Senning says that you also can consider sending a gift basket or a tin of cookies. Because those gifts can be shared, they’re especially useful in places where a number of workers provided you with service.

One way of giving to avoid is a peer-to-peer payment through a service such as Apple Pay, Venmo, or Zelle, Farley says. “The act of actually handing someone something, shaking their hand, and thanking them is lost in a P2P transaction,” he notes. “If there were ever a time to give P2P a rest, it would be the holidays, when we’re really looking for the human connection.”

And a few more words of advice from Consumer Reports

  • Be aware that the U.S. Postal Service restricts the gifts that mail carriers can accept. Presents worth up to $20 are fine, but carriers can’t accept cash.
  • Don’t give food unless you’re certain the recipient can eat it. With many people changing to more restrictive diets, your symbol of generosity might end up regiftedor thrown out. Similarly, not every recipient would appreciate wine or spirits as a gift.
  • If you’re giving cash, go to your bank to get nice, crisp bills, which present better and show a bit more effort on your part.
  • If you really can’t afford to buy a gift or give cash—and don’t feel you have the talent or time to bake or make a gift—a heartfelt note of thanks is better than no recognition at all. As Senning points out, money isn’t everything. “We like to say that holiday tipping is really holiday thanking,” he says.

Research contact: @octavionyc

The tipping point: Who pays the highest gratuities?

September 24, 2018

Are you a soft touch or are you stingy when it comes to tips?

Many Americans think that restaurants should pay their waitstaffs a living wage—and stop relying on customers to ante up at the end of a meal. But, until eateries start to offer higher salaries, most patrons will continue to reward servers for their prompt and patient assistance—or lack thereof—when the check is delivered.

A recent survey of more than over 2,200 U.S. adults conducted by CivicScience found that the majority (66%) of diners think that a tip between 15% and 20% is “good,” while roughly one-quarter would offer more for satisfactory service. About 7% of respondents said they believe that a tip under 15% is “good”— and only a small percentage of the population omits the tip entirely.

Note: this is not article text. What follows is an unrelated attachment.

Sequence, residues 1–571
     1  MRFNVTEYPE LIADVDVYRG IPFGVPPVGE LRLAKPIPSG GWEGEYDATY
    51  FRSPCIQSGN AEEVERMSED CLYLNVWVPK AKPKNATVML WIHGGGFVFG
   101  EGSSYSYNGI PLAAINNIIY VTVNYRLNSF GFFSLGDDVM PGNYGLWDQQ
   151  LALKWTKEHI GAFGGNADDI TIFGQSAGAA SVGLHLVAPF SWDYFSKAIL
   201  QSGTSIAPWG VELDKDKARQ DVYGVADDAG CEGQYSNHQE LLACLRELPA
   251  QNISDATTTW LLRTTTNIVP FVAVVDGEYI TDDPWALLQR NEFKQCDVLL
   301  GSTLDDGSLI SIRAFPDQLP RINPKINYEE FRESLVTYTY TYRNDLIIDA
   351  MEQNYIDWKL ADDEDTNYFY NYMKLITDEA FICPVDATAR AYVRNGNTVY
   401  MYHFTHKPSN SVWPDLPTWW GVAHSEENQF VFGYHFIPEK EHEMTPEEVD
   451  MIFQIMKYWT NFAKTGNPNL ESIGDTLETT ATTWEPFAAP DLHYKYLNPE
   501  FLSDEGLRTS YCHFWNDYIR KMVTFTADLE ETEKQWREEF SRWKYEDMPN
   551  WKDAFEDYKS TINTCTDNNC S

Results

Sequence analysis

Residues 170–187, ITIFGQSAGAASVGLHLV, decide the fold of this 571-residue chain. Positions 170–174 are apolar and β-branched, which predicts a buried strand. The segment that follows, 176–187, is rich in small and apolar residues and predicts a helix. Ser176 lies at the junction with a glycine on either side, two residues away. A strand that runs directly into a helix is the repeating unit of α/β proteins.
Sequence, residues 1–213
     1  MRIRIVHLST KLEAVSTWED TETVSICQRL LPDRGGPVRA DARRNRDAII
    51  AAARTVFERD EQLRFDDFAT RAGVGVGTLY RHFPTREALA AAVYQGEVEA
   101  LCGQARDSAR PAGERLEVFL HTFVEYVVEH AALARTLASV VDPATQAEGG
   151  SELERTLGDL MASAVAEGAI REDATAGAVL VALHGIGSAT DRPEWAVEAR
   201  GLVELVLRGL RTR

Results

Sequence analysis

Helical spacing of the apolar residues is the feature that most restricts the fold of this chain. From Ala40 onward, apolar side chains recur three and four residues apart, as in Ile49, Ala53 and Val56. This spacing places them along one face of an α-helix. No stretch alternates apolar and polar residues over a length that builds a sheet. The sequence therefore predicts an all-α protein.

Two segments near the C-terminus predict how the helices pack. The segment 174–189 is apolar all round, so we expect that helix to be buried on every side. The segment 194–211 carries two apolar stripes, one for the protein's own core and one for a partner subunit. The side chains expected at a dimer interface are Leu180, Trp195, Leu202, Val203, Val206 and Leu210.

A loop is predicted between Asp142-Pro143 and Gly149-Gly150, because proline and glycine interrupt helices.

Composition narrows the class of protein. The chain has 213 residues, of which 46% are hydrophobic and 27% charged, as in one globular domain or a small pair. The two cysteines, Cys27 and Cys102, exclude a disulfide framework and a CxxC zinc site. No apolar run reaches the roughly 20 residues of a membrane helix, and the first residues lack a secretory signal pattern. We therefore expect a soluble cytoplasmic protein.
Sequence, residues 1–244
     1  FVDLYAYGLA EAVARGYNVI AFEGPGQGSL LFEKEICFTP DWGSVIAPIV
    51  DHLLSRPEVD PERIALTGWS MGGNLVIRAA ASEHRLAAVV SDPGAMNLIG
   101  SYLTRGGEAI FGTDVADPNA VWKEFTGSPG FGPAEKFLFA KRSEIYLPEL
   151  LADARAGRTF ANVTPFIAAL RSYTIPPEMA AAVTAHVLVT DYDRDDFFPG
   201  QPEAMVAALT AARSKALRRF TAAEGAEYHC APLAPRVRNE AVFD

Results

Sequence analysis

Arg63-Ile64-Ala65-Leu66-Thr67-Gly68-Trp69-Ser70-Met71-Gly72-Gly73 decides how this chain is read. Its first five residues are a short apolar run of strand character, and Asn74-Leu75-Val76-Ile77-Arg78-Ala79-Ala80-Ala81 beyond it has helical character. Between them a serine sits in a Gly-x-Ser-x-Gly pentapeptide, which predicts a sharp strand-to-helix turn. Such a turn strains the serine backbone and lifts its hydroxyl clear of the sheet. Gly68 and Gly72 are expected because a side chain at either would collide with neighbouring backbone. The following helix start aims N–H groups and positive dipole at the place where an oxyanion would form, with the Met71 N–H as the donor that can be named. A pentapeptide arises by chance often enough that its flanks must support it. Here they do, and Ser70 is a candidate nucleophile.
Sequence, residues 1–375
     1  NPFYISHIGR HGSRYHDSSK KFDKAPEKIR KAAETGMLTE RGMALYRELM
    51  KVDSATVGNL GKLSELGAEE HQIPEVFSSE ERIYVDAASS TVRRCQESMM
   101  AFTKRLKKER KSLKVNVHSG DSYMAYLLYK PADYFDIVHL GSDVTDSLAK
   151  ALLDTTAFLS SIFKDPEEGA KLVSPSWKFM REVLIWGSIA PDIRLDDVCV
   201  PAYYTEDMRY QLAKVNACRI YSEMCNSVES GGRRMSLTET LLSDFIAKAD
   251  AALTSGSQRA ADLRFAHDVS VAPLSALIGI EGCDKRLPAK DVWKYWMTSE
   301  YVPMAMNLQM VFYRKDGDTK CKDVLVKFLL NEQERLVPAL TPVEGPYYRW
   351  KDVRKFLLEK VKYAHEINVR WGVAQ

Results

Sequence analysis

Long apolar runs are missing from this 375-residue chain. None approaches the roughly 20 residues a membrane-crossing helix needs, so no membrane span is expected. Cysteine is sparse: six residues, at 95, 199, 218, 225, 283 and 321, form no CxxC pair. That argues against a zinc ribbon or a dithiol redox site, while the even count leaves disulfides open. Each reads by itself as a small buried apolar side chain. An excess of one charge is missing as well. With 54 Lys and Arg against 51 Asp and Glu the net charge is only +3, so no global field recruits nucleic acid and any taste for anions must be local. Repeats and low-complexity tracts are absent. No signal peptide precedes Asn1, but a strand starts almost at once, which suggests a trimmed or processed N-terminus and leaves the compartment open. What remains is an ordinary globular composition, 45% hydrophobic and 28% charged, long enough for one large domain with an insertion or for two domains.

Roughly 75% of survey participants said that they tip based on the service they receive at a restaurant. While this doesn’t tell us if they tip more or less than the recommended range, we do know that it means uncertainty for waitstaff nationwide. It also shows that the vast majority of Americans don’t follow a standard protocol for tip percentages.

CivicScience found several correlations around American tipping culture—specifically by age, gender, income, and region.

Gen Xers represent nearly half of the consumers who consider less than 15% to be a good tip. But, they also are the most likely to think that more than 20% is a good tip–making this demographic group the most inconsistent when it comes to tipping. Fully 39% say tips vary based on service; while 29% and 32% of Millennials and Baby Boomers, respectively, can say the same.

The 15% to 20% camp is distributed evenly across all generations; however, Baby Boomers are the most likely (39%) to leave gratuities within this range.

Perhaps the biggest surprise is that Millennials the are most likely leave no tip at all. Over half of non-tippers are Millennials. When asked, they are the most likely to comment that tipping should become obsolete.

What’ more, there is a gender divide when it comes to tipping. U.S. women are much more likely to think that less than 15% is sufficient. Men, on the other hand, are more likely to consider tips over 20% as the proper reward.

And it is no surprise that income plays a role in tipping: Of people who think a tip less than 15% is good, 48% make under $50,000 annually, before taxes. What is actually shocking is that, of people who don’t tip at all, 60% make $100,000+ annually before taxes.

Finally, CivicScience found that people in the Northeast are more likely to think a tip of over 20% is good—and Southerners are the least likely consider that a tip higher than 20% is good. Of people who don’t tip, the largest group is Midwesterners at 42%.

Of people who tip the same percentage at all times,, 43% live in the Northeast. People who live out West, however, are more likely to tip based on service.